One entrepreneur emphasized this need by saying, “Give yourself an afternoon a week to think about five critical things going on in the business and make sure you are focused on big opportunities or problems.” One of my colleagues calls this specified time for strategic business thinking “firehouse time.” It is hard to think strategically when you are putting out “fires” daily—and, yes, that is the norm as you grow a business because growth generally means more employees and results in more mistakes, misunderstandings, and people issues. Thus, the term “firehouse time” means giving yourself time away from fighting the fires to think about the business. Another entrepreneur called this “working on the business” instead of working in the business.


One purpose of my research was to learn how entrepreneurs prioritized their time under high-growth conditions. I was looking for templates and heuristics of what approaches worked best. What I found were common-sense approaches.


Some entrepreneurs prioritized similarly to how the military teaches team leaders and junior officers: assess the situation and go where you can have the most critical impact relative to the mission.

Others focused on identifying and remedying bottlenecks. They created flow charts showing each critical step in the process of generating cash—the lifeblood of a business. They thought of the flow chart as a pipeline or funnel and monitored flows to determine where there were bottlenecks or flow delays. Finally, they focused on the bottlenecks and, not surprisingly, found that the bottlenecks they focused on eased.



Once set, it is important to communicate priorities to employees. How did entrepreneurs accomplish this task? Several entrepreneurs held a “start-of-the-day huddle” with all employees to set priorities for the day and an “end-of-the-day huddle” to review the day. Another entrepreneur had a meeting every morning at 8:30 a.m. with his direct reports, and then the direct reports had meetings with their direct reports. Those meetings cascaded down the line until, by 10:30 a.m., every employee in the company had been in a meeting, talking about that day’s priorities.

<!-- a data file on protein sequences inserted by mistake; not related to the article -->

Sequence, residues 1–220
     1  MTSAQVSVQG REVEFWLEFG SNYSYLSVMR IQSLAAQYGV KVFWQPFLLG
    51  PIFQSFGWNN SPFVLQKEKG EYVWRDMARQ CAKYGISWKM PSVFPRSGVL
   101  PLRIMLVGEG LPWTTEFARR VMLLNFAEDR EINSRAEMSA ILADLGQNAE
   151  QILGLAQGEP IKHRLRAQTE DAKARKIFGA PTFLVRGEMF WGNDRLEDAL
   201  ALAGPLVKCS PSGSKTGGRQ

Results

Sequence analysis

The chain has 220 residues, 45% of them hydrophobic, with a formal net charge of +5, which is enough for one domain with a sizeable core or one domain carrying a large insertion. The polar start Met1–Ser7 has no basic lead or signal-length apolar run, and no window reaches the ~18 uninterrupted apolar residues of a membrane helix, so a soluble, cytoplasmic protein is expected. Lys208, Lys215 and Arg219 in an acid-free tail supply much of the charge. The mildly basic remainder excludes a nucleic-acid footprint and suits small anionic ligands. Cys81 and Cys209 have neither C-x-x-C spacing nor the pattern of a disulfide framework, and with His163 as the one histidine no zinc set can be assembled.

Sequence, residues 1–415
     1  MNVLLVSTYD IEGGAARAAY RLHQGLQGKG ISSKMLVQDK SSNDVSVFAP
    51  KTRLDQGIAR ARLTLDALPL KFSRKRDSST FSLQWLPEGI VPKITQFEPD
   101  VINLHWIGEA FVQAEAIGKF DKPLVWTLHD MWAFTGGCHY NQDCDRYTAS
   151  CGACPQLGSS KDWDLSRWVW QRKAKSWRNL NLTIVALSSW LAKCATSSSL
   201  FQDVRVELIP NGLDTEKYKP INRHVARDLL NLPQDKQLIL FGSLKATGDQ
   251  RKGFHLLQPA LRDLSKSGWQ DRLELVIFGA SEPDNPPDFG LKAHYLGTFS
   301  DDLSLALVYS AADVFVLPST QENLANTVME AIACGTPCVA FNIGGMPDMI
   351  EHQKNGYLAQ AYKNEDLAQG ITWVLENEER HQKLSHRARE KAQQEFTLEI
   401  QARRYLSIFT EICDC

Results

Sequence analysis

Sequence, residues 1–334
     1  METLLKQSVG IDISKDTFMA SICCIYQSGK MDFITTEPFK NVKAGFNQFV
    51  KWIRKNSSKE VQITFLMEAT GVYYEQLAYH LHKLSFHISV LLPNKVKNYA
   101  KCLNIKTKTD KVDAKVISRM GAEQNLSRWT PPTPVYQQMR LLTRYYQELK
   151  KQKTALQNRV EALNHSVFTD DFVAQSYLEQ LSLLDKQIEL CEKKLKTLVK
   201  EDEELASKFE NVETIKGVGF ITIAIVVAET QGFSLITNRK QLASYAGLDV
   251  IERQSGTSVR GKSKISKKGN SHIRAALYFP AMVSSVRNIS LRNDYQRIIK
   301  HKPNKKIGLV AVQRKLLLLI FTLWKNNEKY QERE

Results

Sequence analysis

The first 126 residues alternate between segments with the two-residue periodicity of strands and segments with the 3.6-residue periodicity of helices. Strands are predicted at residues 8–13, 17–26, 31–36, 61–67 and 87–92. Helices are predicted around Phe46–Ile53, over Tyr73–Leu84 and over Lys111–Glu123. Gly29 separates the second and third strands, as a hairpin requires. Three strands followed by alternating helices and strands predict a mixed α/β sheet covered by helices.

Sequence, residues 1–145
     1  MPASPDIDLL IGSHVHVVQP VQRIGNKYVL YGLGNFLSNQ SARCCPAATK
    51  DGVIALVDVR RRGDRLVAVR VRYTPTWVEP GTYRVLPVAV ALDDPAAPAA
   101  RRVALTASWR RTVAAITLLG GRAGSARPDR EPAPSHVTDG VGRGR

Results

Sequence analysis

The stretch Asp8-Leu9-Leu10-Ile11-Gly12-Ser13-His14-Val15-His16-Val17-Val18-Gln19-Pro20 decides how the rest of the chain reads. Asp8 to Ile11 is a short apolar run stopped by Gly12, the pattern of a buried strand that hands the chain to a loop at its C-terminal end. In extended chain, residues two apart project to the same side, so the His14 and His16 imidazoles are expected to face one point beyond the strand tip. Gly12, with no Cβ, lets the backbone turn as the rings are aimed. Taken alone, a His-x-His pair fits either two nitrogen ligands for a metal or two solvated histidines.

Not only must priorities be communicated, but also the business culture must be developed to facilitate working toward those priorities. A business culture helps keep employees focused on what is important and can deter aberrant behaviors.

Key Takeaways

  • Successful business builders institutionalize “firehouse time,” that is, time that they get away from the daily fighting of fires to think about “working on” the business instead of working in the business. They use this time to think strategically and tactically about growth, processes, controls, and building their infrastructure.
  • Successful business builders strategically focus the business in an area where it can excel and they focus themselves daily on the areas where they are most needed to have positive impact. Quality, customers, and cash flow dominate.
  • Conduct daily “huddles” with managers that cascade to include all employees. Ultimately, as the company grows, your managers are critical for teaching and setting daily priorities and objectives.

Excerpted from Grow to Greatness: Smart Growth for Entrepreneurial Business by Edward D. Hess. (c) 2012 Board of Trustees of the Leland Stanford Jr. University, reprinted by permission of the publisher, No further reproduction or distribution is allowed without the prior permission of the publisher.


[Image: Flickr user Ibrahim Iujaz]


About the author

Professor Edward D. Hess spent more than 30 years in the business world